2 CFR 200, Uniform Administrative Requirements, Cost Principles, and Audit Requirements for Federal Awards applies to this program. Research Grants: Applications must be prepared electronically through Grants.gov (http://www.grants.gov) using the SF 424 (Research and Research-Related) application form. The electronic application format is interactive. For assistance submitting an electronic application, contact GrantsInfo: Telephone (301) 435- 0714, Email: GrantsInfo@nih.gov. NRSAs (Individual): Individuals must submit the SF 424 (Research and Research-Related) application form, and include at least three, but no more than five, letters of reference. Letters of reference must be submitted electronically through the NIH eRA Commons Submit Reference Letter website and not through Grants.gov (http://www.grants.gov). Applicants who have lawfully been admitted to the United States for permanent residence must complete the appropriate section on the Face Page of the SF 424 (Research and Research-Related) application form. Applicants who have applied for and have not yet been granted admission as a permanent resident should check the Permanent resident block on the Face Page of this application form, and also write in the word "pending." A notarized statement documenting legal admission for permanent residence must be submitted prior to the issuance of an award. SBIR and STTR: The SF 424 (Research and Research-Related) application form and the SF 424 SBIR/STTR Application Guide are used to apply for both SBIR and STTR grants, Phase I and Phase II. Application forms must be submitted electronically through Grants.gov (http://www.grants.gov). For further assistance contact GrantsInfo: Telephone: (301) 435-0714, E-mail: GrantsInfo@nih.gov.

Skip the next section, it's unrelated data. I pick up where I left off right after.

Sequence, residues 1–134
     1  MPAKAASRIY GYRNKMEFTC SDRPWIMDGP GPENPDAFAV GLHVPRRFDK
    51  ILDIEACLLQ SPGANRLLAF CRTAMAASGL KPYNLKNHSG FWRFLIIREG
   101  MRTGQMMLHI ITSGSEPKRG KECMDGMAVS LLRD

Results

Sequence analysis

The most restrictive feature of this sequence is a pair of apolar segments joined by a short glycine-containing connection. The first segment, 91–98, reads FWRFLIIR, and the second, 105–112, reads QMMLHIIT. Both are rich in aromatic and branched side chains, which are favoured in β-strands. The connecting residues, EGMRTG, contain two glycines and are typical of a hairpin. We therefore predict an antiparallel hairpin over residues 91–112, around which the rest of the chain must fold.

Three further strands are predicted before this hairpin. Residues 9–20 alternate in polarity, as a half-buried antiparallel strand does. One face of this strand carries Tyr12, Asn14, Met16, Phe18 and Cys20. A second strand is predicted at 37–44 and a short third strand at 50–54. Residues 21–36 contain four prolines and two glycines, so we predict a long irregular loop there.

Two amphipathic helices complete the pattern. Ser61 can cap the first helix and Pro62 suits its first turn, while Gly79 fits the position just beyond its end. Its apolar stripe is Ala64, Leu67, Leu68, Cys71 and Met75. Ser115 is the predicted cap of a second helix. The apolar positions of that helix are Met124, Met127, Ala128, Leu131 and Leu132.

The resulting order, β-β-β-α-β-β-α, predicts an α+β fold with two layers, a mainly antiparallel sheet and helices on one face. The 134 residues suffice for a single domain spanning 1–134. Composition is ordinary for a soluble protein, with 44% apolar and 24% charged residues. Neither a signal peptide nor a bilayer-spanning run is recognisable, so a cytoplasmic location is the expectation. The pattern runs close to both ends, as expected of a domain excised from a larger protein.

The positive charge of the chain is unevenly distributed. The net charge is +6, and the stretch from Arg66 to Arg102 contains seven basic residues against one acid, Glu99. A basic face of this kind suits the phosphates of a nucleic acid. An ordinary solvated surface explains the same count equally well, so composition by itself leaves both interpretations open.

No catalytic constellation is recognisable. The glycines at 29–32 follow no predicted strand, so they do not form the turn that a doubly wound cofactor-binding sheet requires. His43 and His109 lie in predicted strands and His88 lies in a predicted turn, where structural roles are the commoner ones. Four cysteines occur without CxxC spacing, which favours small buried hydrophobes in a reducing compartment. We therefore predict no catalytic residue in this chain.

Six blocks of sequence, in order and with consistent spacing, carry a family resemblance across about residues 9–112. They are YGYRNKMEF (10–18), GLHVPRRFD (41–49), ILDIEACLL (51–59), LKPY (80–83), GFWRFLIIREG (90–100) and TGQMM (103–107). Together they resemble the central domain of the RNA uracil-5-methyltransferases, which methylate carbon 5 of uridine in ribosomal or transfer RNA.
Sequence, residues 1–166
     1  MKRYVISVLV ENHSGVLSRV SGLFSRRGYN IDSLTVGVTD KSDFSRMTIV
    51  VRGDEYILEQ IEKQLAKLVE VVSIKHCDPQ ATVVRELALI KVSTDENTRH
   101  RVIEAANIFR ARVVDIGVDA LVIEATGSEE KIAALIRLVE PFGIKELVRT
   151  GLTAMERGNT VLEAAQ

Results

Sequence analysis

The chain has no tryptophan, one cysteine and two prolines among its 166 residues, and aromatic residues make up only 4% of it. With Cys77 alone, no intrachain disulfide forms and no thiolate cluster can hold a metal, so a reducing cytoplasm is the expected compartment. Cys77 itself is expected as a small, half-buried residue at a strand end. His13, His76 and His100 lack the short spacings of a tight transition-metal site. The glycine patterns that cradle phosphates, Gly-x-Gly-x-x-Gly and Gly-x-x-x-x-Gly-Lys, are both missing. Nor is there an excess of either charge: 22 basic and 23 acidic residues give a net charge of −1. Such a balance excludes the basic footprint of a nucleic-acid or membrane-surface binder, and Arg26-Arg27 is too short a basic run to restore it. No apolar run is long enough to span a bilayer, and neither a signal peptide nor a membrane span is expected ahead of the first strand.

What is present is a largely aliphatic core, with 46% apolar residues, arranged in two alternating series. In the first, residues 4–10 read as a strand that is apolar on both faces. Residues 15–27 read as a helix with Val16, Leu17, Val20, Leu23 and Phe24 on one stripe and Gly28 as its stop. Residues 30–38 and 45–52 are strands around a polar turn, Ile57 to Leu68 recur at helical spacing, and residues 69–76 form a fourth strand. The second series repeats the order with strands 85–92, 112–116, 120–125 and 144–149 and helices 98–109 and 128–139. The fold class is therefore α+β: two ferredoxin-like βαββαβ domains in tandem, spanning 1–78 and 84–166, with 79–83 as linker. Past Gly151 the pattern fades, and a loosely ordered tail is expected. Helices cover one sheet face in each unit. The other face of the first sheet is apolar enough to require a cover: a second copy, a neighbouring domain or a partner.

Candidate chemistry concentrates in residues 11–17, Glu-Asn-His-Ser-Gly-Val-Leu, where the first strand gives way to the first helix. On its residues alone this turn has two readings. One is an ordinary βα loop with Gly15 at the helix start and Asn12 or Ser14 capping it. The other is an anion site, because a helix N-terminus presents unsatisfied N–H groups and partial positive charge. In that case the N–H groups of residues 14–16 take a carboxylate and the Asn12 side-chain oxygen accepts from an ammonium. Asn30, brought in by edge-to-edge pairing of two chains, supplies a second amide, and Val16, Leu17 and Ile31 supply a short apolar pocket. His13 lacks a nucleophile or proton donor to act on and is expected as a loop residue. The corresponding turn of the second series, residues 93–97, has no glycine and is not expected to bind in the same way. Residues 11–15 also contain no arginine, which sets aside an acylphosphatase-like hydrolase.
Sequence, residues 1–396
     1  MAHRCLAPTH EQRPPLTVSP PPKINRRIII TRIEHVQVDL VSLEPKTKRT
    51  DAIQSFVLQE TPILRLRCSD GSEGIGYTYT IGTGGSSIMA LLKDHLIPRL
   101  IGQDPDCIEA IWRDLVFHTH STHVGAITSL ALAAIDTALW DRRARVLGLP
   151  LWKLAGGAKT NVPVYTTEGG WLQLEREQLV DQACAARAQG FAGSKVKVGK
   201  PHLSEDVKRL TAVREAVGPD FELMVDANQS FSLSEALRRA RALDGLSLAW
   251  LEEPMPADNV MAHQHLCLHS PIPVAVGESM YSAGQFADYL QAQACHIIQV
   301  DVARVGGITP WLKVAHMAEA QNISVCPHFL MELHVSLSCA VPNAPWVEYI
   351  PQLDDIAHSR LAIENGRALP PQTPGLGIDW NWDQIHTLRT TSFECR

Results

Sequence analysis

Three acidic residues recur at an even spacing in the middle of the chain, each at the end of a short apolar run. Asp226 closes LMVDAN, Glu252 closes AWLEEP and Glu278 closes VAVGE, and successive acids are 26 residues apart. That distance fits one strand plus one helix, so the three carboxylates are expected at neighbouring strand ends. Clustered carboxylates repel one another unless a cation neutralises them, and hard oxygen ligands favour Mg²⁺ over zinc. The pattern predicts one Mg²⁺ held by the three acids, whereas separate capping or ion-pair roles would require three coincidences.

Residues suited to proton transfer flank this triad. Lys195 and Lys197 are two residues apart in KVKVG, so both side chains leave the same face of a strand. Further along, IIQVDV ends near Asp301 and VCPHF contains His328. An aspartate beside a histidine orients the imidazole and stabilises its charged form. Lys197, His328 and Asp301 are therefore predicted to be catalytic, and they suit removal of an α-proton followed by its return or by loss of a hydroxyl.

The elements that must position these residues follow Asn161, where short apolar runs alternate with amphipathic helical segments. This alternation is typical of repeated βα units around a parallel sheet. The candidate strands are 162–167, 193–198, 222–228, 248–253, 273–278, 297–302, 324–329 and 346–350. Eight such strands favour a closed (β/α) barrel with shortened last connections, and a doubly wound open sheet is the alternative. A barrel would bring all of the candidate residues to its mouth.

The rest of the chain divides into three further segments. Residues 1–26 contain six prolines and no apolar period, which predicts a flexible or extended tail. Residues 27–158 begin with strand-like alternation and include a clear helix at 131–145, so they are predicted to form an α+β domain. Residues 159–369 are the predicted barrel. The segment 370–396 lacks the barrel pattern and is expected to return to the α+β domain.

Research Grants and National Research Service Awards (NRSAs) (Institutional): All accepted applications are reviewed for scientific merit by an appropriate initial review group and then by a national advisory council. (Individual NRSA applications are not reviewed by council.) All applications favorably recommended compete for available funds on the basis of scientific merit and mission/program relevance. SBIR/STTR Applications: All accepted SBIR/STTR applications are evaluated for scientific and technical merit by an appropriate scientific peer review panel and by a national advisory council. All applications receiving a priority score compete for available SBIR/STTR set-aside funds on the basis of scientific and technical merit and commercial potential of the proposed research, mission/program relevance, and program balance among the areas of research.